MJ: And which factor is the most important when we think about withdrawing? Is it the moving of equipment or the withdrawal of troops?
DM: The number one priority has to be the protection of the force as it leaves, because it will undoubtedly be under attack. A pullout would consist of collapsing from the outside fringes of the country into Baghdad and then moving south to Kuwait. Just to secure a route that has that much traffic on it is going to be challenging.
MJ: If we were to move everything out, would it all have to go through Baghdad?
DM: Well, certainly an awful lot of it would. I'd be very surprised if 70 or 80 percent of the troops themselves and much of their equipment does not ultimately pass through Baghdad. And then you would secure one or two routes, probably routes that parallel each other so you can probably regard them as virtually one, that reaches a lifeline from Baghdad down into Kuwait and Kuwait city. Again, you would have to use the roads, you would have to have a very strong rear guard of American combat troops, primarily tanks and Bradleys, armored forces, along with a great deal of air power, to provide for protection as you fell back from Kuwait and moved south to the Euphrates River. Obviously once you're south of the Euphrates River you're effectively secure because the distance between the Euphrates itself and Kuwait is open. There's simply nothing there. It's just empty desert.
MJ: I see. And that movement, going past the Euphrates River, what is the time frame for that? Are we talking about just a continuous flow of items and troops throughout that time span that you said, 12 months?
DM: A lot of your supply troops, your logisticians and so forth, would have to go first. You would end up essentially removing yourselves from many of these large fortress bases that we've constructed. And your last elements to pull out would be combat troops. So you'd move the supply units, logistics out first. This would include a lot of trucks carrying vast quantities of ammunition, supplies, repair parts and so forth. They would be your lead elements out of the country, followed by the heavy combat units, the armored units. Then it would all be lined up and wait removal on a ship, and so conceivably, moving the troops and equipment and people and supplies out of Iraq and getting them south of the Euphrates river is something I think you can accomplish far faster than most people think. That can be done certainly under twelve months. That can even be done in six to eight months, but then you have this enormous buildup of equipment and supplies in Kuwait, and that has to be loaded on board a ship. That could take another year, to move that matériel on board a ship, and then back to the United States.
MJ: What are some logistical considerations that go into moving a brigade out of Iraq?
DM: Well, defining a brigade these days is difficult because they're all much larger than they were originally intended to be—they're all significantly augmented, and brigades vary in composition depending upon what kind of brigade it is, whether it's armored, motorized infantry, Strykers, or a National Guard formation augmenting an existing brigade. But let's just say for discussion purposes the tonnage is 200,000. And then you just simply do the math and figure out, what are your equivalents over there? And if you say you've got 5 or 6 equivalents at 200,000 tons, then you know what kind of lift that you're going to need. That involves heavy equipment transport, wheeled transports, the giant tractor-trailers. You have to load those up. You'll probably need a lot of commercial trucking. And again, in order to get those out, you've got to secure those routes. And right now, the Air Force is trying to fly in large quantities of water as well as soldiers and repair parts into the fortresses because they can't land outside of the large fortresses and bases anymore without being attacked. That's how hostile the country has become.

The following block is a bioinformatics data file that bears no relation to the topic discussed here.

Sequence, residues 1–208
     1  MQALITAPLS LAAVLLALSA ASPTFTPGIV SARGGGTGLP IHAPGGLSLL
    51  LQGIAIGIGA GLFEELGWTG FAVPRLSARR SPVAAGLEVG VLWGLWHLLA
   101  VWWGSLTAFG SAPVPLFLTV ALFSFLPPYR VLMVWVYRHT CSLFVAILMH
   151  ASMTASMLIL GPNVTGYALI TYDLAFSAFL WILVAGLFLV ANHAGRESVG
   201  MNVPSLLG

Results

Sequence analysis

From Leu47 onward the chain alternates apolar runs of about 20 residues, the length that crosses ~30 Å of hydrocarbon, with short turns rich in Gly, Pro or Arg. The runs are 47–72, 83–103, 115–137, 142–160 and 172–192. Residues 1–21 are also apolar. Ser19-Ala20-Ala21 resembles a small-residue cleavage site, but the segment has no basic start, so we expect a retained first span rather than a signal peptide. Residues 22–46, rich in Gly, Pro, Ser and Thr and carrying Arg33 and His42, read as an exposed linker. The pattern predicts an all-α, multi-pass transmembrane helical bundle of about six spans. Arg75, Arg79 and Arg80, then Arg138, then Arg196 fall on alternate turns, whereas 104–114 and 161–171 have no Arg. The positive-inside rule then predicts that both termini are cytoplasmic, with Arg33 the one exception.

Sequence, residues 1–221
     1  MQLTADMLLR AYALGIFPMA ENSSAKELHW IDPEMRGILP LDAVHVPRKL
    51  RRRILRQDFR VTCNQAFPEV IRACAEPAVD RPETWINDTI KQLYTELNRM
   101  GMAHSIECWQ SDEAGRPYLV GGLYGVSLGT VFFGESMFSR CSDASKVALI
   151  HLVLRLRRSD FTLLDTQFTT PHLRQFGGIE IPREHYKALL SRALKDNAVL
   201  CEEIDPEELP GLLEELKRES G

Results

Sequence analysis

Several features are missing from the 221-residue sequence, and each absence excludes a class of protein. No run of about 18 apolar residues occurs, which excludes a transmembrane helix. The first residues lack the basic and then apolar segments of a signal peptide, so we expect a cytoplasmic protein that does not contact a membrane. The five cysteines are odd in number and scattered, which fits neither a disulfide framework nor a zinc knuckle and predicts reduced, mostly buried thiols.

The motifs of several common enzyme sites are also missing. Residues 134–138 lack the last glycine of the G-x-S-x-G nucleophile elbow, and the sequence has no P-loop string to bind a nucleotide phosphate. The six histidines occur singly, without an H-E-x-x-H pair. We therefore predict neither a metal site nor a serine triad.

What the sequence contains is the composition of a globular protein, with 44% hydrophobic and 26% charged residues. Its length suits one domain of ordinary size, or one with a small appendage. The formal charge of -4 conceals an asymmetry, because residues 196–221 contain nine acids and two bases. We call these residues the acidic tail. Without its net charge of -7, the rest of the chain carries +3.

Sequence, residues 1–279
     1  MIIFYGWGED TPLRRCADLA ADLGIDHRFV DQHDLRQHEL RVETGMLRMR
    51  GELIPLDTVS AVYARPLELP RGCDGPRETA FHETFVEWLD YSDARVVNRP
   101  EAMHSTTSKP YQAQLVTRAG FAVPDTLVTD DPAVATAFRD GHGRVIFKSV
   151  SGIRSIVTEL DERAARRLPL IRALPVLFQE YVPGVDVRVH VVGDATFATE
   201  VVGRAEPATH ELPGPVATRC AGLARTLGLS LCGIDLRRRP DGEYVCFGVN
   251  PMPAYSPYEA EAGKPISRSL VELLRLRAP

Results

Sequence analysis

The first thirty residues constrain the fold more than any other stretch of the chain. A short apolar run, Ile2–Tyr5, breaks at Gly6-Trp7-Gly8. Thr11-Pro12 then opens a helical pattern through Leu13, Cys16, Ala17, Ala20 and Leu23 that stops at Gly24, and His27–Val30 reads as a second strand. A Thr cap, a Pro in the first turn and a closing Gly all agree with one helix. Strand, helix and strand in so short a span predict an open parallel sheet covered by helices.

MJ: And in terms of equipment, what stays and what goes?
DM: Certainly some equipment will be turned over to the so-called Iraqi Army. Then you've got equipment that may be simply so worn out and damaged that it doesn't merit removal and repatriation to the United States. Some of that will have to be destroyed on-site. And some of it, I suspect, will just be left sitting somewhere. Obviously you're not going to leave your tank rounds there; you're not going to leave sophisticated artillery rounds. You're not going to leave missiles. In other words you're not going to leave things that your former friends in the Iraqi Army are going to have access to. You may have some very damaged equipment that is beyond repair, in which case you can pull parts and pieces off of it and ship those and simply destroy the rest or leave it. But those are decisions that have to be made on-site by the chain of command to determine how much of this do we ship back and how much do we simply write off. In other words, we are already in trouble but in another year it could be a great deal worse. Somebody said to me, the argument is that casualties were down in July, because instead of losing 110, we lost 84, not casualties, but killed in action. I pointed out that in July of 2006 we lost 43 killed; in July of 2007 we lost 84 killed. The only thing we can say for any certainty is that in each passing year we have sustained more and more casualties, because conditions in the country have worsened. We have to assume that next year will be far more hostile, far more dangerous, and far more problematic than this year.
MJ: To whom are we going to hand over the keys for key infrastructure such as power plants, dams, etc., along with the other reconstruction projects?